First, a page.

National Council for Mental Wellbeing

Skip to content National Council for Mental Wellbeing
Find a Provider
National Council for Mental Wellbeing logo
Your source for the latest updates from Capitol Hill. We translate policy into practice so you can learn how policy trends will affect your work and how best to prepare.

Stephanie Pellitt

, National Council for Behavioral Health

CMS Proposes Overhaul of Medicare Billing Standards

July 19, 2018 | Medicare | Quality | Comments
Share on LinkedIn

Last week, the Centers for Medicare and Medicaid Services (CMS) released its proposed rules for the 2019 Medicare Physician Fee Schedule (MPFS) and Quality Payment Program (QPP). The proposed rules update payment rates and key policies applicable to physicians and other professionals under Medicare. Among the key changes, the proposed rule would reduce billing documentation requirements, expand telehealth options and potentially create a bundled payment for the care and management of substance use disorders (SUD) in Medicare.

The MPFS dictates Medicare rates and policies under Medicare Part B, while the QPP rule offers changes for two key value-based payment programs created under Medicare Access and CHIP Reauthorization Act of 2015 (MACRA): the Merit-Based Incentive Payment System (MIPS) and Alternative Payment Models (APMs).

Comments on the proposed rules are due by Sept. 10th, 2018. Highlights of the proposed rule changes are provided below.

MEDICARE PART B

  • Telehealth: The rule proposes paying physicians for their time spent reaching out to patients over the phone or through other telecommunication devices to determine if an in-person visit is necessary. Additionally, physicians could receive payment for brief, virtual check-ins and evaluation of patient-submitted photos.
  • Evaluation and Management (E&M) Coding: Instead of requiring practitioners to use existing standards to decide the level of E&M code for outpatient, office-based medical reporting and documentation, CMS proposes allowing practitioners to select the visit’s level based on either time spent face-to-face with the billing practitioner or the level of medical decision-making; practitioners can also select to continue using existing selection standards. Documentation requirements would also be changed to require only documentation that matches a lower-level E&M code (regardless of the complexity of service reported) and eliminate a series of varying Medicare payment rates in favor of a single payment level.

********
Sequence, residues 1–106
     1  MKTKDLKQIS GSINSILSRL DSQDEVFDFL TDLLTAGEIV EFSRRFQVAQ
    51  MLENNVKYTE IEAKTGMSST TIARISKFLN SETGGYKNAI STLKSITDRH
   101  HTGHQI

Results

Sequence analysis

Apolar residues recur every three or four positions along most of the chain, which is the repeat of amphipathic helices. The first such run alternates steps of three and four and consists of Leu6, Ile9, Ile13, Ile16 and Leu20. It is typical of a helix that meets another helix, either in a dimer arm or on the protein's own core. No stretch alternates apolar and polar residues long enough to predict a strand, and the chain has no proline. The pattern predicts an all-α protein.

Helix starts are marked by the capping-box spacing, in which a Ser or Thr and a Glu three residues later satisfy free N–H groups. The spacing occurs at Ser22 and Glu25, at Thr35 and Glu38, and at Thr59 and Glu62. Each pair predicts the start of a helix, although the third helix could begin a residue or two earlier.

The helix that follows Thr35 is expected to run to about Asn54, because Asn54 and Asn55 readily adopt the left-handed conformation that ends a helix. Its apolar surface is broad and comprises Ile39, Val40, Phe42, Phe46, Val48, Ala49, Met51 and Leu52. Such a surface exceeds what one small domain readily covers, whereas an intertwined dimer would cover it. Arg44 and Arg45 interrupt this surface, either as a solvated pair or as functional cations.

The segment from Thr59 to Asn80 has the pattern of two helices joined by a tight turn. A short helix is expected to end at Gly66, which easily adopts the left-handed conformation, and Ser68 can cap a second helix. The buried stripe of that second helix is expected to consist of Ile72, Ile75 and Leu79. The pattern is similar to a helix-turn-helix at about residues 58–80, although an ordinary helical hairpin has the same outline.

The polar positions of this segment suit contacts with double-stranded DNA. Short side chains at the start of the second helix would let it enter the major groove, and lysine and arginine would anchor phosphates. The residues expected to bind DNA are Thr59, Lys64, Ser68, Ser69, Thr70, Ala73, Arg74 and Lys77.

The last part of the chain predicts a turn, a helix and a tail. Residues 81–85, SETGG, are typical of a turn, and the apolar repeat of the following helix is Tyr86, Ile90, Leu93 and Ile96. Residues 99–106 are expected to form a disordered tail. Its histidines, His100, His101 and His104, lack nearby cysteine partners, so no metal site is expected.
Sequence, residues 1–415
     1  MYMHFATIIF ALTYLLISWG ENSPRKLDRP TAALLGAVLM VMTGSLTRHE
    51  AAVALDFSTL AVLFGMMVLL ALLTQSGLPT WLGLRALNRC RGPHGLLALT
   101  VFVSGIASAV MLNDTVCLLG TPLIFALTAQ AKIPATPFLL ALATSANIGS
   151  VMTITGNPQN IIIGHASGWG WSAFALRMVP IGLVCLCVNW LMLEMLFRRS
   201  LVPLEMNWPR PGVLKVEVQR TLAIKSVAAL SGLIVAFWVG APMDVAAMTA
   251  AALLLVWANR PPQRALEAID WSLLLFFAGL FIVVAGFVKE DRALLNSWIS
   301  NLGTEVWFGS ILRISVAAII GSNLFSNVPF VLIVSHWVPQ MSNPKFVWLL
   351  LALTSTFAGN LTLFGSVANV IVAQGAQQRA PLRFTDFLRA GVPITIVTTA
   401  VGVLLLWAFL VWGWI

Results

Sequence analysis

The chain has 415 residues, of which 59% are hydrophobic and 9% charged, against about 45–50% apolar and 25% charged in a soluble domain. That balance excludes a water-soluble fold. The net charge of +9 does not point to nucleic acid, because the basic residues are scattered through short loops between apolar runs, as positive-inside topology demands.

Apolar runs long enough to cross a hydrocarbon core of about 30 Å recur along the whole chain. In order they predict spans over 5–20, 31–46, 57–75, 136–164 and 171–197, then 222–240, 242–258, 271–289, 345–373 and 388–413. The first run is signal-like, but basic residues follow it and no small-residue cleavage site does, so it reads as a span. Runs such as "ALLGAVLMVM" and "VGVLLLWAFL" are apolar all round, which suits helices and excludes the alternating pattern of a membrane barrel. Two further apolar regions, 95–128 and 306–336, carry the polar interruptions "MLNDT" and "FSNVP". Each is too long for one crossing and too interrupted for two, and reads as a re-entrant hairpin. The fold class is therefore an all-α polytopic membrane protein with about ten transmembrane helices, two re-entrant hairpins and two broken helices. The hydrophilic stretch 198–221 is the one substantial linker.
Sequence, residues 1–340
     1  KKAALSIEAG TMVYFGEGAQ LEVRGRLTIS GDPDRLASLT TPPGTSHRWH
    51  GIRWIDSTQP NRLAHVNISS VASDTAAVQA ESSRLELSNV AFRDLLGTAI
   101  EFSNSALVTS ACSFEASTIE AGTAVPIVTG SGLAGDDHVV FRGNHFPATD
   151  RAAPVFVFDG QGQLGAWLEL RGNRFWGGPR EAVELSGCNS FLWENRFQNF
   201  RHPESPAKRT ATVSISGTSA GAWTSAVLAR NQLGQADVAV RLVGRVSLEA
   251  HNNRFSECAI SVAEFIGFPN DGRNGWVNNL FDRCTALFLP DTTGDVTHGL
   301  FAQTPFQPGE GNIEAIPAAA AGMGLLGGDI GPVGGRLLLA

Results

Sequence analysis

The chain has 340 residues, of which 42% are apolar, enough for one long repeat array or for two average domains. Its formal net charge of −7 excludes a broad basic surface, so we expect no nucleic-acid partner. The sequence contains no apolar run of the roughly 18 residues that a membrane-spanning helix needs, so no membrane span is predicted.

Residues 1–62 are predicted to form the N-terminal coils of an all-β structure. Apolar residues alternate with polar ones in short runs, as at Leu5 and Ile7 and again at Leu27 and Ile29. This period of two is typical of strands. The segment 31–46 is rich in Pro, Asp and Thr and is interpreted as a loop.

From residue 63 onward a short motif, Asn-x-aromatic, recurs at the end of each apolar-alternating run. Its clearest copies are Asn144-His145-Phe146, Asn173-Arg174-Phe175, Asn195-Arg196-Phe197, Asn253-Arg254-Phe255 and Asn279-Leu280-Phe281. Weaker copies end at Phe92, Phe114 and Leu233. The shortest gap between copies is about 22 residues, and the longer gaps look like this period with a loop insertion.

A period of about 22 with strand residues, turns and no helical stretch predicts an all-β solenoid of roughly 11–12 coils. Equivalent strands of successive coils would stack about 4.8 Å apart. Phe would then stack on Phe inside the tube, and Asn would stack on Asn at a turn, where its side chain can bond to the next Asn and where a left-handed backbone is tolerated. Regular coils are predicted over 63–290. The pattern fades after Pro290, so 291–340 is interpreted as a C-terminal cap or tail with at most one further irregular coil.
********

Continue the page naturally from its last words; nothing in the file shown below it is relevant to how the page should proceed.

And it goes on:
• Bundled SUD Payment Rate: CMS is requesting feedback on the creation of a new Medicare bundled payment for the care and management of substance use disorders to aid efforts addressing the opioid crisis.
  • In-Home Visits: The rule would eliminate the requirement for physicians to justify the medical necessity of home visits.
  • Same-Day Services: The rule would also eliminate a policy that prevents payment for same-day visits with multiple practitioners in the same specialty within a group practice.

MACRA

  • Volume Threshold Criteria: The rule would raise the low-volume threshold, exempting more clinicians from MIPS participation. The new criteria includes: incurring $90,000 or less in allowed charges under Medicare Part B; treating 200 or fewer Part B enrollees who are paid for through the Medicare physician fee schedule; or offering 200 or fewer covered services. Clinicians meeting any one of the three criteria would be exempt from MIPS participation.
  • MIPS Opt-In: The rule would create an opt-in option for clinicians with a low volume of Medicare Part B enrollees or reimbursements to participate in MIPS if they meet or exceed any one of the criteria described above.
  • Scoring Methods and Performance Categories: The proposed rule revamps the performance categories, including quality measures. CMS proposes dropping 34 quality measures that the agency has deemed ineffective, while adding 10 quality measures including four measures based on patients’ reporting of their outcomes. These changes largely do not affect behavioral health measures, with the exception of the proposed elimination of a measure that looks at screening for alcohol or substance use in patients with depression and/or bipolar disorder.
  • Electronic Health Records (EHRs): Emphasizing the importance of greater information sharing and interoperability, CMS is proposing to require MIPS eligible clinicians to use 2015 edition certified EHRs beginning next year.
  • Medicare Advantage Demonstration: The rule would allow Medicare Advantage plans to qualify as an alternative payment model through a demonstration program called the Medicare Advantage Qualifying Payment Arrangement Incentive (MAQI).

The National Council for Mental Wellbeing will be submitting comments in response to the proposed rules. Stay tuned to the Capitol Connector for future analysis on how these rules could impact behavioral health.